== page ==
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Tourist test or tourist trap? Unintended consequences of debit card interchange fee regulation


  • Wilko Bolt
  • Nicole Jonker
  • Mirjam Plooij


In this article we empirically analyze how the Tourist Test methodology affects the level of multilateral interchange fees (MIFs) for debit card payments over time. Using Dutch cost data for 2002 and 2009 we argue that this method leads to rising cost for merchants in the long run. The outcomes show that MIFs may increase from 0.2% to 0.5% of the transaction amount of an average debit card payment. If card acquirers would pass such an increase on to merchants by raising acquiring fees, merchants will face a considerable rise in operating costs. Our results indicate that an straightforward application of the Tourist Test methodology may not yield a suitable benchmark tool for interchange fee regulation, at least for countries such as the Netherlands with rising costs for cash and declining costs for debit card payments.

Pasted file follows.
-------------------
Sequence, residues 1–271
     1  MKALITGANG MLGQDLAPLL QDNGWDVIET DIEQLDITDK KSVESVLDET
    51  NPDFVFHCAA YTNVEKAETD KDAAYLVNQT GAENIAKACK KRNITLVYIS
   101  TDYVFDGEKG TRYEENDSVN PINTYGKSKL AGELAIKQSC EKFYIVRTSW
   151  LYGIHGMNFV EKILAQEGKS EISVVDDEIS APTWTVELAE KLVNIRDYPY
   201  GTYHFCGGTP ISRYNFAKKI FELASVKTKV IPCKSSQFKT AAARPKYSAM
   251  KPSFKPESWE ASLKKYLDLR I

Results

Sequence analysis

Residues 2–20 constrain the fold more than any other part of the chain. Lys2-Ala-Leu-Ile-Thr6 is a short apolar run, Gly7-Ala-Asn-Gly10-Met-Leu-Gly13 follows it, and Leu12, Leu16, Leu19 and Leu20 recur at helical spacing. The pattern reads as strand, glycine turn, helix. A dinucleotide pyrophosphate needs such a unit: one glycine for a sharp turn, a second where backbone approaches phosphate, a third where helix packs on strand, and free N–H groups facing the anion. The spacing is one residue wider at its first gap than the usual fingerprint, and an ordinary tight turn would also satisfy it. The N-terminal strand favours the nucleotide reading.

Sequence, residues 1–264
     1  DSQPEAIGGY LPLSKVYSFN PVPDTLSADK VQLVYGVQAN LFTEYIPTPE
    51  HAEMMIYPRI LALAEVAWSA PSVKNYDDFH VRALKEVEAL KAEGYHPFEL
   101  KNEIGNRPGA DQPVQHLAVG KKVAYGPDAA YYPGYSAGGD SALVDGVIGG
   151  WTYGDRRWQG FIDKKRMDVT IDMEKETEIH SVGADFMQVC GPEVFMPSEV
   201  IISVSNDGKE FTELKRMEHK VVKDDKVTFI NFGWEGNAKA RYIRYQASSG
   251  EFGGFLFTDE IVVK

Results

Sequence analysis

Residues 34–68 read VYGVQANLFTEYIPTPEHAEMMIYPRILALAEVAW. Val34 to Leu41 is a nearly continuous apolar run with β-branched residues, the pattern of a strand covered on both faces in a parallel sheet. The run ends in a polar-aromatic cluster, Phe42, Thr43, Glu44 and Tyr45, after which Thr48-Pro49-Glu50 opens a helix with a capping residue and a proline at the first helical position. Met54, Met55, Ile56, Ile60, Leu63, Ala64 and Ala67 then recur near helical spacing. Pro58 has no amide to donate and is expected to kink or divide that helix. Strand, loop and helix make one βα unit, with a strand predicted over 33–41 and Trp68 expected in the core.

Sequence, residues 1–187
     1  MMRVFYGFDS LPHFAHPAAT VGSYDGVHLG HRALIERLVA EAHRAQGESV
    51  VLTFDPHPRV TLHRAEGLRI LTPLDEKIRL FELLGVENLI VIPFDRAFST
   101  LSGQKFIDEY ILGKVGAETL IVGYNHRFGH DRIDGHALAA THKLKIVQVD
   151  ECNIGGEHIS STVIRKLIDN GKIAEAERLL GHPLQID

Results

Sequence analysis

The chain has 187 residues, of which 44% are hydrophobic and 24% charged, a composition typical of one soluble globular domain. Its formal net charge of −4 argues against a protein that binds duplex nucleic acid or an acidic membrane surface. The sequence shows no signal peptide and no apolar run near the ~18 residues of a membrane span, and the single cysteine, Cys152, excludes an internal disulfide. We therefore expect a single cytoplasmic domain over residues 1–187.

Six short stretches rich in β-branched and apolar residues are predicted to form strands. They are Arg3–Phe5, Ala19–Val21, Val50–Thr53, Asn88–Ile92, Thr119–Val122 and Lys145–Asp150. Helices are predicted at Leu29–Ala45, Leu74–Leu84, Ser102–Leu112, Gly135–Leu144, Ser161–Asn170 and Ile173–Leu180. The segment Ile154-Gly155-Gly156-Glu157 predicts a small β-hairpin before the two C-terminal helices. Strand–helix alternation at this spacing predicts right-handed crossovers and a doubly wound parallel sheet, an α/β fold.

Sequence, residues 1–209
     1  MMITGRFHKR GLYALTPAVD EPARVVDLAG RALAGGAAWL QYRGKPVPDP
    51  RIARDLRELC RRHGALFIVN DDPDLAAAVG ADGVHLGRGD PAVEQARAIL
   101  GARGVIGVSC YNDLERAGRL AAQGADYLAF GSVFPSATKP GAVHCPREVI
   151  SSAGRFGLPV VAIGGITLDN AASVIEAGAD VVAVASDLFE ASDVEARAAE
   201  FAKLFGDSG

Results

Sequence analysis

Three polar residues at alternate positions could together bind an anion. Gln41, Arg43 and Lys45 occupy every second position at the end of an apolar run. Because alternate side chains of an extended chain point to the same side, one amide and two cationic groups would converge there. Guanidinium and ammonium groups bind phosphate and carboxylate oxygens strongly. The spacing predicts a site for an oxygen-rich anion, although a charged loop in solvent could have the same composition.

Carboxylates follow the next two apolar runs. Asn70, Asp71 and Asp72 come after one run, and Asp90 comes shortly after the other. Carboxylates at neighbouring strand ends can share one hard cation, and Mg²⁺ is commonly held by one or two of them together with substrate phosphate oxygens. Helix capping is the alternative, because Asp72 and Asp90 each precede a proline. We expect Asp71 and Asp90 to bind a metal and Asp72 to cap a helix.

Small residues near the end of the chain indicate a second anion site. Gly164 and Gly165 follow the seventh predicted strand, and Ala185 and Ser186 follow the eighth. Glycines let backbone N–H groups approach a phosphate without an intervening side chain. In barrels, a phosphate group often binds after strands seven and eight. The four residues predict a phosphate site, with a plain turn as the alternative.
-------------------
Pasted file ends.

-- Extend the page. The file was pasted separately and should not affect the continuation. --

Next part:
Suggested Citation

  • Wilko Bolt & Nicole Jonker & Mirjam Plooij, 2013. "Tourist test or tourist trap? Unintended consequences of debit card interchange fee regulation," DNB Working Papers 405, Netherlands Central Bank, Research Department.
  • Handle: RePEc:dnb:dnbwpp:405

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    Debit cards; Tourist Test; Interchange fee regulation; Perverse effects;

    JEL classification:

    • L11 - Industrial Organization - - Market Structure, Firm Strategy, and Market Performance - - - Production, Pricing, and Market Structure; Size Distribution of Firms
    • G21 - Financial Economics - - Financial Institutions and Services - - - Banks; Other Depository Institutions; Micro Finance Institutions; Mortgages

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